By DOTTY NIST
An Oct. 25 court ruling has determined that Walton County Circuit Court has subject matter jurisdiction in Walton County’s Complaint for Declaration of Recreational Customary Use. However, according to the Oct. 25 order, Walton County has not met statutory requirements for notification of property owners who have not filed to intervene in the lawsuit.
Walton County Circuit Court Judge David Green issued the order four days after a hearing in which two motions were taken up. The two motions included a Motion to Determine Jurisdiction and to Extend Time that had been filed on Feb. 28 by George Mead, II, attorney, and a Defendants’ Motion to Stay and for Case Status Conference that had been filed on May 10 by attorney William Dunaway. Both attorneys represent beachfront property owners opposing the county filing, and other defendants had joined in the motions after they were filed.
In his motion, Mead, had asked the court to “determine whether subject matter jurisdiction exists” with regard to real property that is the subject of the complaint, and he argued at the hearing against the existence of subject matter jurisdiction in the case.
In his order, Judge Green ruled that the court has jurisdiction over the subject matter of the case “pursuant to the provisions of Section 163.035, Florida Statutes (2018) and Chapter 86, Florida Statutes (2018).”
Section 163.035 contains the provisions stemming from the customary use ordinance portion of the much-discussed House Bill (HB) 631. The section sets forth procedures to be used by local governments to affirm customary recreational use of the beach. Chapter 86, Florida Statutes deals with the jurisdiction of circuit and county courts and states, in part, “The circuit and county courts have jurisdiction within their respective jurisdictional amounts to declare rights, statues, and other equitable or legal relations whether or not further relief is or could be claimed.”
Court jurisdiction over persons, their property and interest was another matter dealt with in the court order. This type of jurisdiction is established by service of process/notification.
Section 163.035 sets detailed, specific requirements for local governments to follow in connection with a notice of intent to file a complaint to affirm recreational customary use, and in connection with filing a complaint to affirm recreational customary use, with the same requirements applying for both, and with notification to be provided to owners of property subject to these actions.
At the Oct. 21 hearing, Walton County’s legal counsel had reported that there remained 39 beachfront property owners who had not moved to intervene in the action and for which the county had not received return receipts for the notice mailed out of the filing of the complaint. Walton County Attorney Sidney Noyes also stated that five of those 39 property owners had refused service of the mailing. The county representatives had argued that Walton County had gone “over and above” the notification requirements, with notices having been mailed out at least six times to each of the 39 remaining property owners and seven or eight times for some of those.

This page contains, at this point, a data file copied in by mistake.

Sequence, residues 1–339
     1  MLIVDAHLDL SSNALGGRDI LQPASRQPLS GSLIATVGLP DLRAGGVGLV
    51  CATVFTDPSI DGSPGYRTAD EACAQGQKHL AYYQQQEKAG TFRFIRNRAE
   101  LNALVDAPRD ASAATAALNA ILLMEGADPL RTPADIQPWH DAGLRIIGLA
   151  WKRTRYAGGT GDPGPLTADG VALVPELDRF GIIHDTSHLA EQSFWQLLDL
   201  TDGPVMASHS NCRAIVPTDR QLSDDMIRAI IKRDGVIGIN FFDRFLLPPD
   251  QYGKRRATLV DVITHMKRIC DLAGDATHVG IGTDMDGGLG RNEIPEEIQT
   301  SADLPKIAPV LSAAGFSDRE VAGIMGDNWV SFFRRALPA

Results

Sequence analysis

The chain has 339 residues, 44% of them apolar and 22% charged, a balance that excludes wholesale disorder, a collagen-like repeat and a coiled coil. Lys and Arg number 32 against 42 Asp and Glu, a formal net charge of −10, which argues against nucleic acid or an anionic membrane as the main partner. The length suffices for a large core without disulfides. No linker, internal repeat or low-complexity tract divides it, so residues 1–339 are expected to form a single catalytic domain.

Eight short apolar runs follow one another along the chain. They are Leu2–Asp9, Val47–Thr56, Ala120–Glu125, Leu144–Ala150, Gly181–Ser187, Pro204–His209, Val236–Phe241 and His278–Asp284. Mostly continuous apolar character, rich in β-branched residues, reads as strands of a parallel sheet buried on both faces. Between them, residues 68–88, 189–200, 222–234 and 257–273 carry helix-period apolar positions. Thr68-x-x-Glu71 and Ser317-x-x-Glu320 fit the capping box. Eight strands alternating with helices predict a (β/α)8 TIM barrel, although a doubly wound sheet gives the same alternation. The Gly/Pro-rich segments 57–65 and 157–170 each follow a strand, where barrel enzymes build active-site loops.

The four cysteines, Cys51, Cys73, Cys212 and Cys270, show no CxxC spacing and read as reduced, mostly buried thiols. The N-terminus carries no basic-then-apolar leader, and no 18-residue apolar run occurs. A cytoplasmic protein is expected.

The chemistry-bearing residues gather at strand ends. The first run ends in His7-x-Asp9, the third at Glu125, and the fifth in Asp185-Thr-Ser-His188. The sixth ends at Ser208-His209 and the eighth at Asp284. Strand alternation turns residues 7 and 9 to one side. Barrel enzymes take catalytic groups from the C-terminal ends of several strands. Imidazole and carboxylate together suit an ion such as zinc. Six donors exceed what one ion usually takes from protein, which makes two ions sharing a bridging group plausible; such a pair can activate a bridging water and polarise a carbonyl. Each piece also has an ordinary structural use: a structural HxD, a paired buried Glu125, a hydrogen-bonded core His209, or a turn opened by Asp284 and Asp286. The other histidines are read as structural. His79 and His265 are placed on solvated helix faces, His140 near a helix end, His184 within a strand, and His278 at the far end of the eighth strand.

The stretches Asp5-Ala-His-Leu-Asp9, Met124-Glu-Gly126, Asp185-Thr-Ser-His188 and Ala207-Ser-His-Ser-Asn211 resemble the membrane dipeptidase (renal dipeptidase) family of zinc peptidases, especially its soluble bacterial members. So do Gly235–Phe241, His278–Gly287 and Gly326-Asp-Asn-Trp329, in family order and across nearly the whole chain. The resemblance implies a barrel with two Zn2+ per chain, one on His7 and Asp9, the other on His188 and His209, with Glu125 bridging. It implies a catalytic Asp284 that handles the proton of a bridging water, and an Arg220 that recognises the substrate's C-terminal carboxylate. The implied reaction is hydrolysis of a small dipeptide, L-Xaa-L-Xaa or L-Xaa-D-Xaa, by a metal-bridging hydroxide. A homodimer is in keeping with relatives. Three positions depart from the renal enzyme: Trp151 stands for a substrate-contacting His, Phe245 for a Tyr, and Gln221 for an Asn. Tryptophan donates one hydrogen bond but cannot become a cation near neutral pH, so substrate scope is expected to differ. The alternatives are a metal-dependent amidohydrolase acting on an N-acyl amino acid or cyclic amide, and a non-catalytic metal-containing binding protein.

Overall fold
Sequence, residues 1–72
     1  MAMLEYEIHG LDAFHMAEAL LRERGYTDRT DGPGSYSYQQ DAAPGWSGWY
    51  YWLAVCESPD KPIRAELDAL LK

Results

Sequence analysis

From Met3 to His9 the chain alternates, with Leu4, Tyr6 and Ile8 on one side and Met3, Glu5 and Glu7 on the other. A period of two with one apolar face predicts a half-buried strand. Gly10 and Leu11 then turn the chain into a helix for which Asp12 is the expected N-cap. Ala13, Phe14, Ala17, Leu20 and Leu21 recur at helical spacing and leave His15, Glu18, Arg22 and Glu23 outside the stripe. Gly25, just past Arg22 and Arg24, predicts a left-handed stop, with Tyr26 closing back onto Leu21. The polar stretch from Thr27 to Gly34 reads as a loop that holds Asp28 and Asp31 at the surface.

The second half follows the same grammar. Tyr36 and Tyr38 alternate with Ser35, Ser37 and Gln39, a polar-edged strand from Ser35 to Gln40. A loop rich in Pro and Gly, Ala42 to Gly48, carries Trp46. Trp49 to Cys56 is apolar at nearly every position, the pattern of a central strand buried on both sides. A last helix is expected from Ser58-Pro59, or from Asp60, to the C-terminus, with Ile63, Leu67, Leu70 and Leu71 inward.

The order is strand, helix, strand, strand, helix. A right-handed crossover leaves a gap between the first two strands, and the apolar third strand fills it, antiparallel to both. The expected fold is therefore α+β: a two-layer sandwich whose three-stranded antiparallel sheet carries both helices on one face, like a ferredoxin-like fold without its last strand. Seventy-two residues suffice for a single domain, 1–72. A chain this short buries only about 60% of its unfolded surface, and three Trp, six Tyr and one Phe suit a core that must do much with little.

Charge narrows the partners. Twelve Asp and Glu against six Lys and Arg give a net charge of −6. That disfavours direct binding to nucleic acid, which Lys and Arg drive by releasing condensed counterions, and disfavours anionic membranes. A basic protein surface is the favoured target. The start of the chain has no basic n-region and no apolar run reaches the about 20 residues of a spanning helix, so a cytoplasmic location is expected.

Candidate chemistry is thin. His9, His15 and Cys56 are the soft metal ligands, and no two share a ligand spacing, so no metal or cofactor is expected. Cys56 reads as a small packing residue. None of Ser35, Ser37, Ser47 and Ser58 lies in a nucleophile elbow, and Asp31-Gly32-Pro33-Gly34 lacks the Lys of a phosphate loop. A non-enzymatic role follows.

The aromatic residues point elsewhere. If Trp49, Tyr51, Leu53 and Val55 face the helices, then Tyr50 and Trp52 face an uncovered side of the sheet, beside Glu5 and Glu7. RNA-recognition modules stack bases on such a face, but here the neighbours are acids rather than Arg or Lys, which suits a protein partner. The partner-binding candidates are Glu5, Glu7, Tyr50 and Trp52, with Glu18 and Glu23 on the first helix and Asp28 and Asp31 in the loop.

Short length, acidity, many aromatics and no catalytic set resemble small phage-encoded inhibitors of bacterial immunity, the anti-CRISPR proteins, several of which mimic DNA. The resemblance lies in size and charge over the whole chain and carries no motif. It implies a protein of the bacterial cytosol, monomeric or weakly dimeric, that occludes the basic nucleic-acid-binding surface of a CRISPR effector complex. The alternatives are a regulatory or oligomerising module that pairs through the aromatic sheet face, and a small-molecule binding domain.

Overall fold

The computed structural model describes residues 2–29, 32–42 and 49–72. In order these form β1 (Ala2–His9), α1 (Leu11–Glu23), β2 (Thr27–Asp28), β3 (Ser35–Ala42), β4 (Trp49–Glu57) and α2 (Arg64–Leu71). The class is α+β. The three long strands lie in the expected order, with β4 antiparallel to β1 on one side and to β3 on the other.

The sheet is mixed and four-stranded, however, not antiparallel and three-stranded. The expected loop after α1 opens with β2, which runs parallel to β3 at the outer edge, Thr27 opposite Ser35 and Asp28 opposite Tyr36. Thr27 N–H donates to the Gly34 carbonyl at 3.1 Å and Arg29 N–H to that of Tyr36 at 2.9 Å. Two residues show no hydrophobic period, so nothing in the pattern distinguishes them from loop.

Dunaway had countered, “They have not met their statutory requirements.” He credited the county with being “diligent” but maintained that they had not been successful in providing notification to all parties, which, he argued, was what was legally required.
While determining that parties who had filed to intervene in the action without raising objection to the court’s jurisdiction had, in doing so, “waived any objections they might have had to the jurisdiction of the court over them,” Judge Green also made a finding that, “the notices provided to the owners who have not intervened in this action did not contain the information specifically required by statute.” He also observed that newspaper notices published about the complaint did not provide a date of receipt for the notice or final date for intervention and therefore did not meet a requirement for property owners to be given 45 days after they were notified to intervene in the case.
In summary, Judge Green concluded that the court does have subject matter jurisdiction, that the court has jurisdiction over the parties who had moved to intervene without challenging the court’s jurisdiction at the time the motions to intervene were filed, and that the court lacks jurisdiction over parties who had acted to challenge the court’s jurisdiction and who had taken no other action that would “submit them to the jurisdiction of the court.”
While the majority of the owners of the nearly 1,200 parcels that are the subject of the complaint have moved to intervene without challenging the court’s jurisdiction, hundreds of property owners would likely fall outside the court’s jurisdiction as a result of the court ruling.
The order also specified that an existing stay on the action/complaint would remain in effect at least until the next hearings in the case. These are scheduled to begin at 9 a.m. on Nov. 12.
An amended order was issued on Oct. 30 to correct a scrivener’s error in the Oct. 25 court order. This was followed by a corrected amended order issued on Nov. 4 to reverse an unintentional change to another part of the document that had accompanied the scrivener’s error correction in the Oct. 30 amended order.